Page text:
2. Spray the entire deck with a 50/50 bleach mixture.
3. Scrup with a stiff brush and let sit for 15 minutes.
4. Power wash off.
5. let dry for a couple of days.
6. Use a sponge applicator and brush to stain the deck with a dark colored semi-transparent stain.
7. Cross my fingers and hope for the best!!
 
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Old 03-10-14, 09:34 AM
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I don't know if it's necessary to PW first but it won't hurt any. Not sure how well a sponge applicator will work - I'd expect it to snag on nail/screw heads and splinters. I'd use a roller and then back brush it.
 
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Old 03-10-14, 09:46 AM
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okay good tip, my deck wood is pretty weathered so I bet your right about the snagging. I'm now thinking since I have some different colored boards and they are pretty weathered I will just a semi-solid instead of a semi-transparent so it will cover blemishes and colors a little bit bitter. Does that seem like a good idea in your opinion? I have some pictures below of the wood.
 
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Old 03-10-14, 09:52 AM
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I like to let the condition of the deck [once cleaned] determine which stain to use. Translucent and semi-transparent stains are great for new decks but it usually makes sense to switch to a solid stain [never used a semi-solid] when a deck gets old. Generally the more pigment a stain has the longer it will last ..... assuming the stain's quality is the same.
 
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Old 03-10-14, 09:59 AM
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Okay thanks,

I see you say never use a semi-solid. I was hoping to keep some of the wood grain showing through without having to use a full solid. So, could you please elaborate a little on why not to use a semi-solid? I will use a full solid if there is a good reason why.
 
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Old 03-10-14, 12:11 PM
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I never heard of semi-solid until after I retired. Solid stain looks more or less like paint although it does allow the wood grain/texture show thru. I assume semi-solid is kind of a cross between semi-transparent and solid stain. I wouldn't be hesitant to use semi-solid providing it was a brand I had confidence in.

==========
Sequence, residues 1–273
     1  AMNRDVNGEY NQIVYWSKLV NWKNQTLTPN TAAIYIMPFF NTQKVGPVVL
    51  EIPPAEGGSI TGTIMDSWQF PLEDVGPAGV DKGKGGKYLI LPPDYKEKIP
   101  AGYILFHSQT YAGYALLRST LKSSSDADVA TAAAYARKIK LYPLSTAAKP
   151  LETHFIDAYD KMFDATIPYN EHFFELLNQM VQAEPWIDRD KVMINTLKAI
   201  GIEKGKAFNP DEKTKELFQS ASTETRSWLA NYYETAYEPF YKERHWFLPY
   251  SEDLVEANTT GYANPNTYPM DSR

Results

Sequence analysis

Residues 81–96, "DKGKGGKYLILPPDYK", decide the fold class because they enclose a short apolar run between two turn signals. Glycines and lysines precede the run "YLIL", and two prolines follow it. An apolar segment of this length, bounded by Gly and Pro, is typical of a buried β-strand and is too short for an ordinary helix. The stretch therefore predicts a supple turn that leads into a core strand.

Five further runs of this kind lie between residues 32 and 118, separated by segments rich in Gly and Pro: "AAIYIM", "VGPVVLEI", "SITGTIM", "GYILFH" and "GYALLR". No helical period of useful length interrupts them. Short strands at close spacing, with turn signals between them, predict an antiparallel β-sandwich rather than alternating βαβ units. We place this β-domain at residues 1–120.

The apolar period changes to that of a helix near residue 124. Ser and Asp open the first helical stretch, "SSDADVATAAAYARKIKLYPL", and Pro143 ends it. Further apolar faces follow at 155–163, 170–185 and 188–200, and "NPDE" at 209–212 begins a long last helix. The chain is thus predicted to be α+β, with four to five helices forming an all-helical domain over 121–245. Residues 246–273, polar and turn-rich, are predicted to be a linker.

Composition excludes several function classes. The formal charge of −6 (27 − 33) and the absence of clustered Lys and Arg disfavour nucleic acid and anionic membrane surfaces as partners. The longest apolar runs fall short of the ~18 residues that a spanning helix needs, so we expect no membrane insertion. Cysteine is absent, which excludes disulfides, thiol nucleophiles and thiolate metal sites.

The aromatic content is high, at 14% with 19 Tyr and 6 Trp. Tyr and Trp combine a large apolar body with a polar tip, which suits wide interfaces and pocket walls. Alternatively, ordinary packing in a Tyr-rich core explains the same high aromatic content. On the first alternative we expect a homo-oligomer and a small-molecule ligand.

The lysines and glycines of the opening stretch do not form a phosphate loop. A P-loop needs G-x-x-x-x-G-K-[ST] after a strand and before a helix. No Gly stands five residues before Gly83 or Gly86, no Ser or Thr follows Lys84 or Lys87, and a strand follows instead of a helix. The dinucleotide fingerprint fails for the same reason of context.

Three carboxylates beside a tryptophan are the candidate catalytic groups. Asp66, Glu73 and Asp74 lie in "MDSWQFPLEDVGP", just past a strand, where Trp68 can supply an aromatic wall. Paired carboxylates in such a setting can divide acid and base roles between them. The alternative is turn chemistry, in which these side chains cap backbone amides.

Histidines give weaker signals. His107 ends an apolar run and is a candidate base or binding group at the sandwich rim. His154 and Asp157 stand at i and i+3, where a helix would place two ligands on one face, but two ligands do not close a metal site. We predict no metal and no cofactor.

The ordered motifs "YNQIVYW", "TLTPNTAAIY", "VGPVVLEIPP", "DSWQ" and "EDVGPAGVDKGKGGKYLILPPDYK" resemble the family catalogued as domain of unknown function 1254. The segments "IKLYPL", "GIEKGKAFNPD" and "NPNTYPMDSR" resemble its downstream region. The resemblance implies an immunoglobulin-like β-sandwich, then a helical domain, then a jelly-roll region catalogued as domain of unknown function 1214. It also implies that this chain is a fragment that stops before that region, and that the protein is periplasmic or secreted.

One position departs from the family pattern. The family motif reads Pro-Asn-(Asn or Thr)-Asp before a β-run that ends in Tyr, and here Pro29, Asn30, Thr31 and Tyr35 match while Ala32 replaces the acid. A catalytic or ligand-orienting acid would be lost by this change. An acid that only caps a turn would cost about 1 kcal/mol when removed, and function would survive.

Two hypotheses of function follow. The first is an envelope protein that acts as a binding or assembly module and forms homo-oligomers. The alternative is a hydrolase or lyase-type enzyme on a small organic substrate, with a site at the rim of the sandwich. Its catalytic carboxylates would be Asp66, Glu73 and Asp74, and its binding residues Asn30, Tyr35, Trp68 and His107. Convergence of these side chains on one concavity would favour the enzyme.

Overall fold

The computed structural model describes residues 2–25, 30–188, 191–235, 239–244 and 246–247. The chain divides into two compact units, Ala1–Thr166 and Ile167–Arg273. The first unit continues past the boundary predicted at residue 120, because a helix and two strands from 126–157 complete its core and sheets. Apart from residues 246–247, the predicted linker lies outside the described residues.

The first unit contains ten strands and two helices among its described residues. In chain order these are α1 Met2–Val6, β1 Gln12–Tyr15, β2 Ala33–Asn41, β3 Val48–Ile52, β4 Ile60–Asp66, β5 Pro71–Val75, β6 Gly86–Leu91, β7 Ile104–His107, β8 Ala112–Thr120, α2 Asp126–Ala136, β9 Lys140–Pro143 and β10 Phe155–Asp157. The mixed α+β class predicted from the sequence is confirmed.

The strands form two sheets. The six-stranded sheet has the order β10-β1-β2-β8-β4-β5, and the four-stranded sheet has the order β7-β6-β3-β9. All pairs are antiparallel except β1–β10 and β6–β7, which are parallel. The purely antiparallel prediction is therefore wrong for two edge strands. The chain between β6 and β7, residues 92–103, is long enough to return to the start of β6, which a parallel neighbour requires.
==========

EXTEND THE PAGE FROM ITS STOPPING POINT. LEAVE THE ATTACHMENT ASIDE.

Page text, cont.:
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Old 03-12-14, 10:22 AM
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Now I've come up with another question. When cleaning the deck do I want the liquid bleach like clorox or do I want that powdered bleach like Ajax?
 
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Old 03-12-14, 11:50 AM
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I'm not familiar with the powdered Ajax bleach. I've always used whatever bleach was cheapest and never had any issues related to using a lower priced product.

Some/all of the commercially prepared deck cleaners use an oxygenated [?] bleach which is more user and environmentally friendly - less likely to burn vegetation or harm the wood but I've always been well satisfied with using regular bleach.
 
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Old 03-13-14, 07:14 AM
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It is working pretty good! The wood still looks old and very dark but is not dirty, black/gray anymore, and it is even getting rid of some of the bits of old stain.

Do you think I should apply a wood brightener as well to brighten the boards up or would this be a wasted step and a waste of money since I'm going to use a semi-solid to cover it all up anyways?
 
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Old 03-13-14, 07:22 AM
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I seldom use a wood brightner because the bleach/water normally lightens up the wood. IMO there is no need to use it if you are going to apply a semi-solid stain. The main reason for having the wood light in color is so it won't have an adverse affect on a transparent stain. As long as the wood is clean and dry - any stain should adhere fine.
 
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Old 03-13-14, 07:44 AM
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That's kind of what I figured, If I was using a clear or light colored semi stain it would probably make sense. Thanks for all your help I will post a finished product!